In the Mt Kenya fire, KFS announced some areas had received heavy rain, helping to put out the flames in Kirinyaga Castle Forest on the southern side of Mt Kenya National Park. However, the fire was still active in Chogoria heading northwest.
The damage caused is almost similar to the 2012 inferno, where Sh8 billion worth of vegetation was lost in Chogoria and Chuka. Tree species were lost and water catchment areas reduced in the 800ha on fire.
Last year, close to 1,000ha was damaged, compared to 7,000ha in 2017. The fires mostly rage during the dry seasons of December-March.
Most of the forests, especially the highly productive ones, including indigenous and plantations, are located in the relatively high fire-prone areas. These fires continue to be one of the biggest threats to forests.
Agencies that fought the recent fires in Mt Kenya and Aberdare include Kenya Police Service, Tropic Air, Hampton School and Community Forest Associations. Others are Mount Kenya Trust, Kenya Defence Forces and Friends of Conservation.
In Mt Kenya National Park, at least 24,710 acres of moorland was destroyed following the raging fires.
KFS said firefighting teams were employing ‘backfiring’ tactics in spirited efforts to contain the fire.
The service said fires in Ndaragwa, Kamiruri, had been suppressed by KFS with help from Community Forest Association teams.
In Geta forest, KFS said, fire is still active at Sofia area at the steep gradients. Close to 100 members of the CFA and KFS staff are still at the site fighting the fire.
The Shamata-Satima forest fire was still very active and burning towards the Central moorlands of Aberdare.
KFS said the fires are being monitored closely in conjunction with national and county administrators.
The outbreaks at the Aberdare forest are being detected and tracked via the Modis Fire Information System at the Regional Centre for Mapping of Resources for Development.
With the dry season still ongoing in some areas, more fire is expected and, therefore, the RCMRD is on high alert to detect and issue alerts through the fire information system on fire occurrence.
Alerts are normally shared Kenya Forest Service and Kenya wildlife service and beyond.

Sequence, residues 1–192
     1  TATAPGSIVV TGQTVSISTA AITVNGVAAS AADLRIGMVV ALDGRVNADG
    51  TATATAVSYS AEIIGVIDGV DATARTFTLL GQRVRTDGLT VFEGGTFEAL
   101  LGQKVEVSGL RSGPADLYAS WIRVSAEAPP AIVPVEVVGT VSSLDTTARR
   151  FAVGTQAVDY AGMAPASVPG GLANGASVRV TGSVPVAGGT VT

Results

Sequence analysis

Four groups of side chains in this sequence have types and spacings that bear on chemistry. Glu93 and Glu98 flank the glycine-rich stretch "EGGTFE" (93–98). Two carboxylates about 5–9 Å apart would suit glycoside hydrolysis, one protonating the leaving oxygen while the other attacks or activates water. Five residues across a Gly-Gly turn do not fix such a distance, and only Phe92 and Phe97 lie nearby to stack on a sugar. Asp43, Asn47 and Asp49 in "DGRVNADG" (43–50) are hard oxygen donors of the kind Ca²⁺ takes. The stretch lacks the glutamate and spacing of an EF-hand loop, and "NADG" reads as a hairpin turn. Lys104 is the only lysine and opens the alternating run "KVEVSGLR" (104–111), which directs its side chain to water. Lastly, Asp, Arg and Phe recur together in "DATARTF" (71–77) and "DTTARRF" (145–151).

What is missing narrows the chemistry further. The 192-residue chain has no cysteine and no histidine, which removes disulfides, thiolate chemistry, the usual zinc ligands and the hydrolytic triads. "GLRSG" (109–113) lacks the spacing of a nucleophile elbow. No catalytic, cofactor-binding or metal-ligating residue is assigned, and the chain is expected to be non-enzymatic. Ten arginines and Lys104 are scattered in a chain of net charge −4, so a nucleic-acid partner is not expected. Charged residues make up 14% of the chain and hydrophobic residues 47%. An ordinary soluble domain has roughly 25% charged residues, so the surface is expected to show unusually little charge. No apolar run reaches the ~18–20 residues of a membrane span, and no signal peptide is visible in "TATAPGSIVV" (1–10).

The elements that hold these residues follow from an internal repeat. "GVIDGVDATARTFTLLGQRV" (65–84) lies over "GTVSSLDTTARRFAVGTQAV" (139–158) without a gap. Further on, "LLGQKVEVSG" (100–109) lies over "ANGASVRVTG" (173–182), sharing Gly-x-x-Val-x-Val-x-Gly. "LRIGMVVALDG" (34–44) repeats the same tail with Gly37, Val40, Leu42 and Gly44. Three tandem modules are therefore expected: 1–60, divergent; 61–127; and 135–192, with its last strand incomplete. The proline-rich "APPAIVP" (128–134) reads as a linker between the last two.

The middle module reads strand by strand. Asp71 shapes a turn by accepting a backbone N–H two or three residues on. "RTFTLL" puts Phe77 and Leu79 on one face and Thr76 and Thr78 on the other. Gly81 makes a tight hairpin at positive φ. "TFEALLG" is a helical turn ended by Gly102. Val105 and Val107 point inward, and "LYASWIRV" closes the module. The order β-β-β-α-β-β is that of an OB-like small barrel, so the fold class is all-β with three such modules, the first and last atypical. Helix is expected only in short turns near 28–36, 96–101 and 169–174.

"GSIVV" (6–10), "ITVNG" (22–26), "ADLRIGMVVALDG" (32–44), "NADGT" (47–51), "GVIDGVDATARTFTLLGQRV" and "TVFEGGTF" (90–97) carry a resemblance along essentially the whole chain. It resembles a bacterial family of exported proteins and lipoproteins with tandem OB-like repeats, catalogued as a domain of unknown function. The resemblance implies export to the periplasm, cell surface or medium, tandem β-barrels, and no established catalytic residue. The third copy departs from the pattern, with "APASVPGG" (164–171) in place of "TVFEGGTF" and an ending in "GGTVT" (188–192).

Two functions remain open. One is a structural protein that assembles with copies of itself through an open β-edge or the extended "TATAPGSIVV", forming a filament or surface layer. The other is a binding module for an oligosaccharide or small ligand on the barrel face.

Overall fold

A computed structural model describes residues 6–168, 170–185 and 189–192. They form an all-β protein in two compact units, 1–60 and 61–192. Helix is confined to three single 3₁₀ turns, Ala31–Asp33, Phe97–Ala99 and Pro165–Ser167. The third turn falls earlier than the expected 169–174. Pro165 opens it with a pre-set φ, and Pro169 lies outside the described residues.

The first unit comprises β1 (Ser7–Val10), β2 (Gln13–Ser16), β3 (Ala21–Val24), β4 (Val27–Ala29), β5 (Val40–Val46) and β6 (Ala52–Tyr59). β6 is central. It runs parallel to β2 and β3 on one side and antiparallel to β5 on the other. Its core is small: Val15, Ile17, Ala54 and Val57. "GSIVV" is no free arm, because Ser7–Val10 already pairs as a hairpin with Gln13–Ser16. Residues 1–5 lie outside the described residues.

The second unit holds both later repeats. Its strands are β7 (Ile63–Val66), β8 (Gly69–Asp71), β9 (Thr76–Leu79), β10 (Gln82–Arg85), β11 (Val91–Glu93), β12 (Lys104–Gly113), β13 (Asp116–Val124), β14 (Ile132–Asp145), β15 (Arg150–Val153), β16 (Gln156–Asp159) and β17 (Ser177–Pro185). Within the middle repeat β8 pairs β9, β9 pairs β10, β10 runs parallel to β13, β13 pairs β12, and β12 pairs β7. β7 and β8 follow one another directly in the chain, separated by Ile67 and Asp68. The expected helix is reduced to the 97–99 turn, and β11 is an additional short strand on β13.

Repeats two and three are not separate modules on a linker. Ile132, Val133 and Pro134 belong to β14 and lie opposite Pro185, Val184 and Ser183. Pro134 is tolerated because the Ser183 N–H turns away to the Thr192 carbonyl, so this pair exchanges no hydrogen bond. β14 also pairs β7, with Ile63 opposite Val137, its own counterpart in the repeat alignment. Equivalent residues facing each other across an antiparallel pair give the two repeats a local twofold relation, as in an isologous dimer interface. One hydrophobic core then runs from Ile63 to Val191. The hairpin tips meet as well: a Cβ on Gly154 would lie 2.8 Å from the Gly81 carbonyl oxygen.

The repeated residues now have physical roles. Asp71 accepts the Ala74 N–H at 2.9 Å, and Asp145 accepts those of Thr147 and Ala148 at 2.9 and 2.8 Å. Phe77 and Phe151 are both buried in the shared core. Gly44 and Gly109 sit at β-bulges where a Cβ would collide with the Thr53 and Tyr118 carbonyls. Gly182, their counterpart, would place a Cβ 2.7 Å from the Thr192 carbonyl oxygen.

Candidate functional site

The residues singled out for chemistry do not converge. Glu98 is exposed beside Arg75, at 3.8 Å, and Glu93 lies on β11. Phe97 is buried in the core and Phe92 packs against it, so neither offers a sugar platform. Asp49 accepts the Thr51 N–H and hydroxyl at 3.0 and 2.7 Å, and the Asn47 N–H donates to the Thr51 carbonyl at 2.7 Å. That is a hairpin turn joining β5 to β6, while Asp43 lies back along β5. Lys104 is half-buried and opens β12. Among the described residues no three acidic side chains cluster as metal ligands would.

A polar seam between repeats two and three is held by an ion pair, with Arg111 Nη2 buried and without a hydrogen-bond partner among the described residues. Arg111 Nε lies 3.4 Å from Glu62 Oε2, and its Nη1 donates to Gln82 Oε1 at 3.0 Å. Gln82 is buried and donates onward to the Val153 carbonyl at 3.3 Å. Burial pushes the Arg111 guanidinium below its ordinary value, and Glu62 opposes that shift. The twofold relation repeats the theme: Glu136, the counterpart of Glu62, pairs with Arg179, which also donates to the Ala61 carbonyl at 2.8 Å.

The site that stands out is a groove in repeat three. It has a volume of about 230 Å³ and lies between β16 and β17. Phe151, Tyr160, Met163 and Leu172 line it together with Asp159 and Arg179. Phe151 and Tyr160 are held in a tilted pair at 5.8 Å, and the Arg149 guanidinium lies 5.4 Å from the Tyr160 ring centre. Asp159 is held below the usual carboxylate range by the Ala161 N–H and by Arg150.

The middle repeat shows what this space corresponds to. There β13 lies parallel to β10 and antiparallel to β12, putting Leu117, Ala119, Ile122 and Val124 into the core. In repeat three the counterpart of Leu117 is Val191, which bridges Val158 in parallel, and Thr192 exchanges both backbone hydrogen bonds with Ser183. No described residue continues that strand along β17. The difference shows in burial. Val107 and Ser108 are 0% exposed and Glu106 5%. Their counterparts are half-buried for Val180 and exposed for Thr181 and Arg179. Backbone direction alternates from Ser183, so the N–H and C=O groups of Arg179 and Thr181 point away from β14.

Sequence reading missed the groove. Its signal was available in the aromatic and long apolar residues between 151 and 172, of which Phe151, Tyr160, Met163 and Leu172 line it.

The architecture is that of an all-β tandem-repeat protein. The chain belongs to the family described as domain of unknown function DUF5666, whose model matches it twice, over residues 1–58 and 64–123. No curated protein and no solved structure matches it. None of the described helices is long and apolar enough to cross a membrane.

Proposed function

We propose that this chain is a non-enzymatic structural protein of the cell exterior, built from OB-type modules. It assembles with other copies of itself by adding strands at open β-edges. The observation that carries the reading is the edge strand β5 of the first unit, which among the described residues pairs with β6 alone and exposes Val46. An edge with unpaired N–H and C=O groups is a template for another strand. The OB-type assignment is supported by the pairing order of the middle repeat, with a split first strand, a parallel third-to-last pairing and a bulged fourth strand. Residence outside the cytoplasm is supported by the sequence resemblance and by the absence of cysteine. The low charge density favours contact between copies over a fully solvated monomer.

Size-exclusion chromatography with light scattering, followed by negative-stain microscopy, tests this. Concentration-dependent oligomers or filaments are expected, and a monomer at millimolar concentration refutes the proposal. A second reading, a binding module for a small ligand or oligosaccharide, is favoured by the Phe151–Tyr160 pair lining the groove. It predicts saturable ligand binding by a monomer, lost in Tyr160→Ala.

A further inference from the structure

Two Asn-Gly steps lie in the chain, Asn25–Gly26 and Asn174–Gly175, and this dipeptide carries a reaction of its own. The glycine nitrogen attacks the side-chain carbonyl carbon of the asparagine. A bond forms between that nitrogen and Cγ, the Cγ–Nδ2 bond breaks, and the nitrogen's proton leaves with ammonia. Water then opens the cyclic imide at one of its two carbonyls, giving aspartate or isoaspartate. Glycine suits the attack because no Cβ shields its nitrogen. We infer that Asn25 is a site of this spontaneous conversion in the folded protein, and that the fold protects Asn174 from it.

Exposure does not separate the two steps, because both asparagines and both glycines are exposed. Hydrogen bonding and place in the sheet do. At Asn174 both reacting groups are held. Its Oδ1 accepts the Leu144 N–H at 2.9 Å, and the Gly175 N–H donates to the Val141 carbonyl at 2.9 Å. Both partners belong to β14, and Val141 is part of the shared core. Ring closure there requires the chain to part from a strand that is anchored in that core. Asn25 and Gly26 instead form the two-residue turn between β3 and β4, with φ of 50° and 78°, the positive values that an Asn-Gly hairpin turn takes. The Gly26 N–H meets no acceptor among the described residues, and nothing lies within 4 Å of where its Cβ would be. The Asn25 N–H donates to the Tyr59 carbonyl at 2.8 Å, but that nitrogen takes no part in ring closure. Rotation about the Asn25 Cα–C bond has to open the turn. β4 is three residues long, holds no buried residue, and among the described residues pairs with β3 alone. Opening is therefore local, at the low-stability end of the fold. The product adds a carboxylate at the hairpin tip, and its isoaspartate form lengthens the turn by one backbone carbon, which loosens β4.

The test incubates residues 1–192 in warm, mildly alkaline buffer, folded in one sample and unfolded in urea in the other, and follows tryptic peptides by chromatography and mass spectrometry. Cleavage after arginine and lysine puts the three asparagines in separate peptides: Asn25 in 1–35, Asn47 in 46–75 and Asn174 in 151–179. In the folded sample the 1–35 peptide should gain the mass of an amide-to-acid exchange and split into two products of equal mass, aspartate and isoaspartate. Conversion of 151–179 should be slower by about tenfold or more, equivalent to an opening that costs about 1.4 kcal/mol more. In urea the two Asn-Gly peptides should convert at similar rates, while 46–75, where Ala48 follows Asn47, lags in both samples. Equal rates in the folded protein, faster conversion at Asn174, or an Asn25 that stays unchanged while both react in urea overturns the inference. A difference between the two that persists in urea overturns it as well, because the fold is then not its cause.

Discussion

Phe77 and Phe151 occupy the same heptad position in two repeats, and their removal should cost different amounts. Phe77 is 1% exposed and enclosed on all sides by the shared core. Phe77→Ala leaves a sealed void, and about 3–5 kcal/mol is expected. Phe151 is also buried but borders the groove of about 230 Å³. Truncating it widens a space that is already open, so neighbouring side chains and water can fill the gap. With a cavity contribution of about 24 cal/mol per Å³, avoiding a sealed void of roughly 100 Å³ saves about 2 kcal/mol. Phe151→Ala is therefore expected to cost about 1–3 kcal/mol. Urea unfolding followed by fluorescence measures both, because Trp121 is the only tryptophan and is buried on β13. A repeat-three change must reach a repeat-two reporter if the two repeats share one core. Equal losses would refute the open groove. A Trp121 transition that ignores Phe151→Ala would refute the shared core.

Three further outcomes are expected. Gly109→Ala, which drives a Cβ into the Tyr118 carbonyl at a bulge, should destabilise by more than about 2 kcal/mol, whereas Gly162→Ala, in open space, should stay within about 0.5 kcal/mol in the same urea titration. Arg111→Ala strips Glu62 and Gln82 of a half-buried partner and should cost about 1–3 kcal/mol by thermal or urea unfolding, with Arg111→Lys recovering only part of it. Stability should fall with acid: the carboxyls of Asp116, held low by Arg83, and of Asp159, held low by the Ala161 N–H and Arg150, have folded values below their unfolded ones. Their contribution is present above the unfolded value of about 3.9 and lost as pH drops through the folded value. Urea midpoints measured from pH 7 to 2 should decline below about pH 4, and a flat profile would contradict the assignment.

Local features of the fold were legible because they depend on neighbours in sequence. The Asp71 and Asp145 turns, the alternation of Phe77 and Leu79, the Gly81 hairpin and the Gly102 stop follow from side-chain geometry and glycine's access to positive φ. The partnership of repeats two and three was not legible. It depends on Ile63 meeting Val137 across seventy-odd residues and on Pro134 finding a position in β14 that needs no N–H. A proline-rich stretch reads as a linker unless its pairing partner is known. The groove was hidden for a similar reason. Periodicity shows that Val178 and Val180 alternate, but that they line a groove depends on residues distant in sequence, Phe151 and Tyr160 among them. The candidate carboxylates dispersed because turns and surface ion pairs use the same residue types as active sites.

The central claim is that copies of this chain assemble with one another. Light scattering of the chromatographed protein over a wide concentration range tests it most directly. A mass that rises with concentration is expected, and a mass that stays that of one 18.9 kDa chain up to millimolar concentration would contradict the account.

ELGEYO, TRANS NZOIA FIRES
Last year, wildfires destroyed more than 500 acres of forests in Elgeyo Marakwet and Trans Nzoia counties.
The two counties are host to Embobut and Cherangay forests, which form the 65,000ha Cherangany water tower.
Forest fires normally spread so fast due to strong winds, especially during the dry seasons of December-March.
KFS has been appealing to communities residing near forests, especially honey harvesters, to desist from starting fires haphazardly, warning this could escalate the fire outbreaks.
Elsewhere in North Rift Conservancy, the fire was spotted in Chororget private farms along Kerio valley escarpment approximately 10km from Penon Forest station, with the wind blowing smoke to Penon forest.
Residents who intend to burn any vegetation in any areas adjacent to the forest have been warned that they need to give a 48- hour written notice to the nearest Kenya Forest Service office.
In 2017, more than 17,000 acres of the Aberdares Forest was destroyed by fire. In that year, the wildfire destroyed 220 acres of indigenous trees in Menengai forest. The flames were fanned by winds, raising fears the fire could spread to the neighbouring homes.
In March 2015, more than 300 acres of the forest were destroyed. The same year, 4,000 acres of the Maasai Mau Forest was destroyed by fire. The forest is the source of Mara River. More than 10 families were left homeless and fled to Narok county.
In Seng’alo Forest, KFS officials said some fires are suspected to have been set by men living adjacent to the forest. They had served prison sentences for crimes associated with forest destruction, they said.
The fire was extinguished by residents and officers from the KWS, the KFS and the Uasin Gishu firefighting department.